NPC calls for urgent inquiry into ‘Do Not Resuscitate’ policy
Updated: Sep 3, 2020
The National Pensioners’ Convention is calling for an urgent inquiry after a new report revealed some care home staff were told to put blanket Do Not Resuscitate (DNR) orders on residents at the height of the pandemic.
The NPC, the UK’s largest campaigning group for older people is shocked by the findings of a survey published today (24 August 2020)* by the Queen’s Nursing Institute (QNI) on the effect of the Covid-19 pandemic on the UK’s nursing and residential homes.
NPC General Secretary Jan Shortt will be writing to the report’s author, Professor Alison Leary, MBE, Director of the ICNO and Professor of Healthcare and Workforce Modelling at London South Bank University, and QNI Chief Executive Dr Crystal Oldman, CBE, to support their call for an inquiry.
The NPC will also be contacting Health Secretary Matt Hancock to ask that he launch an immediate investigation into the findings.
Jan Shortt said: “The findings of this survey prove what the NPC has long suspected – that our oldest and most vulnerable were merely seen as collateral damage rather than as human beings by senior NHS executives at the height of the pandemic.
“Care home staff were already under tremendous pressure to save the lives of their residents. To then try and force them to put blanket DNR orders on patients is appalling. There must be an inquiry into what happened in our care homes and NHS Trusts before the onset of winter, when there is a real risk that a rise in Covid-19 cases puts even more lives at risk.”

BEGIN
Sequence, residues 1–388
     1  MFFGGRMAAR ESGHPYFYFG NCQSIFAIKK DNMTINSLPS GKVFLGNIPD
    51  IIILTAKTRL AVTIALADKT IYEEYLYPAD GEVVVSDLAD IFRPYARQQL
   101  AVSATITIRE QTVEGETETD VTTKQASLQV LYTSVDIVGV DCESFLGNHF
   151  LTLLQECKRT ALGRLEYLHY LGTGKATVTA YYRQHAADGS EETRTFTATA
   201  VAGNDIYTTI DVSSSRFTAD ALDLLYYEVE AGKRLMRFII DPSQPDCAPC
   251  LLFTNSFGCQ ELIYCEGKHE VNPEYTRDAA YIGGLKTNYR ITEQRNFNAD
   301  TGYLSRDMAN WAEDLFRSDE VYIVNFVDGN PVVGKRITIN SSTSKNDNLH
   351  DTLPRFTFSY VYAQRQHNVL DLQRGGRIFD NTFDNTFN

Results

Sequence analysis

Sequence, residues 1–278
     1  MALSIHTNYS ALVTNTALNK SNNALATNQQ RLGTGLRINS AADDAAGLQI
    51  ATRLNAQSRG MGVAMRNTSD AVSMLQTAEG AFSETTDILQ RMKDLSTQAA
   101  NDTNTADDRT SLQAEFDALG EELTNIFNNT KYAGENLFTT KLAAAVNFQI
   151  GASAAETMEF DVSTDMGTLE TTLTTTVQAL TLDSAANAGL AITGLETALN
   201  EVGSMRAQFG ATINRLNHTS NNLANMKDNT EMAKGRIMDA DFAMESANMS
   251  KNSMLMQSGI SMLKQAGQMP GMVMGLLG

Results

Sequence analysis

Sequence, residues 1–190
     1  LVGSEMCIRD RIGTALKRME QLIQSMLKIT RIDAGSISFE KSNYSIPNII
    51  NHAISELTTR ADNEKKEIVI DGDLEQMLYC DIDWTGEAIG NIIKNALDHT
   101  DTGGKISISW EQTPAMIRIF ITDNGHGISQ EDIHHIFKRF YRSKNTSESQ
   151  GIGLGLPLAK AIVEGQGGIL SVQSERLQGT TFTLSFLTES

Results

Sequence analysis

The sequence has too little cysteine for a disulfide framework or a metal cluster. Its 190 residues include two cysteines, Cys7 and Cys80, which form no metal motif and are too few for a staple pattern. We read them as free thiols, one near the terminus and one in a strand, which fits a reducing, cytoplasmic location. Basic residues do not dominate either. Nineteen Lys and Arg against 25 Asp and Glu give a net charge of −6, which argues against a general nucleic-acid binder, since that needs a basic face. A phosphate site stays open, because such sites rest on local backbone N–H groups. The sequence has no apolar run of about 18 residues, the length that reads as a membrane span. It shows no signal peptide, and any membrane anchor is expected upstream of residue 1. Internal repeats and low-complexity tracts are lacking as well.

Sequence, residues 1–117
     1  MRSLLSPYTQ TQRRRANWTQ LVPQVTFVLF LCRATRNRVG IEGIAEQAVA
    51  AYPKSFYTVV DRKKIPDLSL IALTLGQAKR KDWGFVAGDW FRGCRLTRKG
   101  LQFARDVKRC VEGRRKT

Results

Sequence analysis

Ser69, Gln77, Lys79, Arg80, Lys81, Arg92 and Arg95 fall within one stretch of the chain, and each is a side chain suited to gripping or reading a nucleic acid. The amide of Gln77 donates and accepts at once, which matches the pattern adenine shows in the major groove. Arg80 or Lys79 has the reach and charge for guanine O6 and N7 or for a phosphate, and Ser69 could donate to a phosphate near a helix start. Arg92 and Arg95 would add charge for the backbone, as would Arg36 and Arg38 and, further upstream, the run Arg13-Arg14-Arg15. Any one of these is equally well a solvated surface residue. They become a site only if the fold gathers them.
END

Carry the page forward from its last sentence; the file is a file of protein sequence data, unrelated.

NPC Vice President Peter Rayner, 86, added, “It is shocking at my age to realise that only luck stands between me and having a DNR sign hung over my bed! It shows that any person my age is at risk of institutionalised destruction of our Human Rights in a numbers game being played by trust executives and managers.”
*The report by the Queen’s Nursing Institute states that one in 10 care home staff surveyed were told to change DNR plans without discussion with families, nursing staff or residents themselves. A fifth reported receiving residents from hospital who had tested positive for Covid-19, even though they did not always have appropriate Personal Protective Equipment to care for them. Staff also warned that some hospitals were operating a “no admissions” policy for care home residents – even for non-Covid conditions such as heart attacks – and some said they had struggled to make appointments with GP’s for elderly people.
*The National Pensioners Convention was set up in 1979 to champion the rights and welfare of the UK’s older people. It now represents more than 1.5 million people in over 1,000 different organisations across the UK and holds an Annual Convention – a pensioners’ parliament - to debate issues affecting older people. www.npcuk.org